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How to tell if you are lifting the right amount of weight.

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Have you ever gone to start or are thinking of starting to strength train? Strength training is an important part of any health and fitness routine but many people struggle with answering the age-old question “how much should I be lifting?” I wish I could say the answer is simple but it isn’t, well, at least not right away. You first have to think about and decide what your goal is in regards to strength training. Is your goal is increase your maximum strength, or your overall strength or increase your muscle endurance and tone? Whatever it is there are specific variables to follow depending on what you choose. The general rule of thumb is, if you want to increase your maximum strength the you should aim for 1 to 3 sets of 5 to 8 repetitions, if you want to increase your overall strength then aim for 1 to 3 sets of 8 to 12 repetitions, and to increase your muscle endurance and tone then 1 to 3 sets of 12 + repetitions.


"What is your goal in regards to strength training?"


You may read that and go, “well that’s easy”, head out to the store or go to grab your weight and still feel lost. “I know how many sets and reps, but how much ACTUAL weight should I use?” What you want to aim for when choosing your lifting weight is to perform 1 set of the exercise, using the variables for your goal. You want to feel the muscle fatiguing or ‘working’ in the last third of the repetitions. ”Huh?” For example, you want to increase your overall strength in your biceps and you have chosen to do 9 repetitions, during rep 7, 8, and 9, you want to start ‘feeling the work’. If you feel the work before then or not at all then the weight is not the one for you. Remember though, that was just one set. As you perform more and more sets that fatigue will set in sooner. If at any point you feel fatigue in the first half of the reps, then your muscle is officially tired and needs to rest until the next workout. Forcing the body to complete sets and reps when there is noticeable fatigue can possibly lead to injury. When you get ‘that feeling’ the tearing of the muscle that happens during strength training to becoming more severe which will lead to DOMS (delayed on-set muscle soreness) and potentially lead to injury. Injury usually occurs because the muscle that the exercise is designed to focus on can no longer perform the movement, therefore, surrounding muscles and improper technique and compensation starts to take over.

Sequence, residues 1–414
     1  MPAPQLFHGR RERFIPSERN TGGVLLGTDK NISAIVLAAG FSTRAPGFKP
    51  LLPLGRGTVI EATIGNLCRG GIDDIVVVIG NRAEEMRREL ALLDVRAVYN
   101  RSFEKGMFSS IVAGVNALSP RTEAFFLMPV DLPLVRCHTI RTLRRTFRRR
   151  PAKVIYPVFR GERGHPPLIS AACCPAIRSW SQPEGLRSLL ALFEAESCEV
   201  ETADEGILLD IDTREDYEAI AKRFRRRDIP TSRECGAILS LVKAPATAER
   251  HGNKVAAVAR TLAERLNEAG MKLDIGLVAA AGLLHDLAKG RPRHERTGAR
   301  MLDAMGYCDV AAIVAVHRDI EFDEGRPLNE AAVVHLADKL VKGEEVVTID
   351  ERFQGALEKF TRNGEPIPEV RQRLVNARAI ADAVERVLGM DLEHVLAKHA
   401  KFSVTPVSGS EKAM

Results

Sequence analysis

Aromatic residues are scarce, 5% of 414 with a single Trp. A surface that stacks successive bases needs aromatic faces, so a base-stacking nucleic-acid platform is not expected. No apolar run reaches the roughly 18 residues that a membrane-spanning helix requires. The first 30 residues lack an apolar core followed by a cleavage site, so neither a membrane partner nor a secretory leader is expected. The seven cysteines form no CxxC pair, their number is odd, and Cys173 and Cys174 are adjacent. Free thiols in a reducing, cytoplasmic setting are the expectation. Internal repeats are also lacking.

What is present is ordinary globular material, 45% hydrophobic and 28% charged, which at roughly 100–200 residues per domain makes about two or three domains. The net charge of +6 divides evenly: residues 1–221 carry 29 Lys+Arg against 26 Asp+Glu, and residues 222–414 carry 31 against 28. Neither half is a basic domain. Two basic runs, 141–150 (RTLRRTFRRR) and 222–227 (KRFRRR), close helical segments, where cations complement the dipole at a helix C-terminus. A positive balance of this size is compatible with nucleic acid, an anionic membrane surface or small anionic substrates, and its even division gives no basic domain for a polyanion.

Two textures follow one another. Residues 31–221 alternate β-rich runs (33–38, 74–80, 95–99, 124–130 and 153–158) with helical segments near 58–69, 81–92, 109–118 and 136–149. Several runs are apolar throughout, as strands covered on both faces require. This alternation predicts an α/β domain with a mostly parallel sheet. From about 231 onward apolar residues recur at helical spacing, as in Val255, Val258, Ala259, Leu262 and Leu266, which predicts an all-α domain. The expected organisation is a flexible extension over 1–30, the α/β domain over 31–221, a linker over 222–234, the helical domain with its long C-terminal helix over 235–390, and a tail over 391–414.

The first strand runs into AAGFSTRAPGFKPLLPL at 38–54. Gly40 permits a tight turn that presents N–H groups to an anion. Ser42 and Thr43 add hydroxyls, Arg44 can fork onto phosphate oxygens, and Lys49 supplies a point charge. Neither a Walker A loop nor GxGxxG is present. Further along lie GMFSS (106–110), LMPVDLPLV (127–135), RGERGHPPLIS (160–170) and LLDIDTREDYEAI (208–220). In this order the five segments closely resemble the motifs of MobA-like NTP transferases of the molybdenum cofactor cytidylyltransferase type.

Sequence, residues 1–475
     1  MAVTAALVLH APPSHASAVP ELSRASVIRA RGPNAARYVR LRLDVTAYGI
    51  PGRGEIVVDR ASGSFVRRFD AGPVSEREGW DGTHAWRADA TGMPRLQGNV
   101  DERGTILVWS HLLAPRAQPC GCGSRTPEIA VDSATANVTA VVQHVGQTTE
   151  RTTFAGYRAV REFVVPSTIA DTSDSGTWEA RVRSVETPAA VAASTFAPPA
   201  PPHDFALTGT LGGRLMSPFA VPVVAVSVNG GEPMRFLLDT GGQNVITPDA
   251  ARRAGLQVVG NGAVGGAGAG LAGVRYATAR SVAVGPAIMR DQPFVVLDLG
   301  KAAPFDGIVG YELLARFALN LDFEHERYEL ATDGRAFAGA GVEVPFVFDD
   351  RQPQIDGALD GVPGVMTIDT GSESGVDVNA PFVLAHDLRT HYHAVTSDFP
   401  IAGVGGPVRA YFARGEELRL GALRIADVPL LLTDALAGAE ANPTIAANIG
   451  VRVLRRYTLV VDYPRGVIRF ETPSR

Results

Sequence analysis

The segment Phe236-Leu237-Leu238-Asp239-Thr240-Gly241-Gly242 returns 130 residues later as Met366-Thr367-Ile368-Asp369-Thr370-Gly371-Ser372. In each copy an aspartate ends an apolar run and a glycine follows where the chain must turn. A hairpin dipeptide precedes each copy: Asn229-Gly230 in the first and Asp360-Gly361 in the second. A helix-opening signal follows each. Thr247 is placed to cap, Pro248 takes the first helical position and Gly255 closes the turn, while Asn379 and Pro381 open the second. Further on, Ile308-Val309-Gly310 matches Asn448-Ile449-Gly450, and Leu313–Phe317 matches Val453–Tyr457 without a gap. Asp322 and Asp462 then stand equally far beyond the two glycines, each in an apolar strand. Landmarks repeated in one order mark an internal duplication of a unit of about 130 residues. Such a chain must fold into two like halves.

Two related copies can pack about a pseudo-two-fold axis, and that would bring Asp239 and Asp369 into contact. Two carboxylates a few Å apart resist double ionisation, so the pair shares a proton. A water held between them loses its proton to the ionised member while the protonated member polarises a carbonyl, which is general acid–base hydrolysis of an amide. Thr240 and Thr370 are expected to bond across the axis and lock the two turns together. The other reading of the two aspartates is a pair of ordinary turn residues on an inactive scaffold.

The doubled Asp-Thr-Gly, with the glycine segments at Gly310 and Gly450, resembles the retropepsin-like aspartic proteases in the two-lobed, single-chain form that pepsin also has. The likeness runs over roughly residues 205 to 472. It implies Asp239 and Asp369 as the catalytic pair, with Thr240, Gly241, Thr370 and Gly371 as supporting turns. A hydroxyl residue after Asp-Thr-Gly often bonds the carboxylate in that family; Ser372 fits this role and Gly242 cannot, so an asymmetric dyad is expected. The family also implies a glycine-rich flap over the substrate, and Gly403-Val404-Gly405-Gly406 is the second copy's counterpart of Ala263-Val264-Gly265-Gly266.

This is just a general guide to help you get started when choosing your weight. There are many ways to train the body in regards to strength training such as training to increase muscle size, power lifting and training for explosive movements to name a few. These different approaches to training require more specific manipulation of the body and I would suggest speaking with a Certified Personal Fitness Trainer if they are a part of your goal. A PFT will have the education and experience to know how to manipulate and expose the body to changing variables in order for it to adapt and achieve your goal.

Be patient with your strength training. Any and all strength gains take time for you to notice, and if you are patient then the reward will feel even better than you originally thought.



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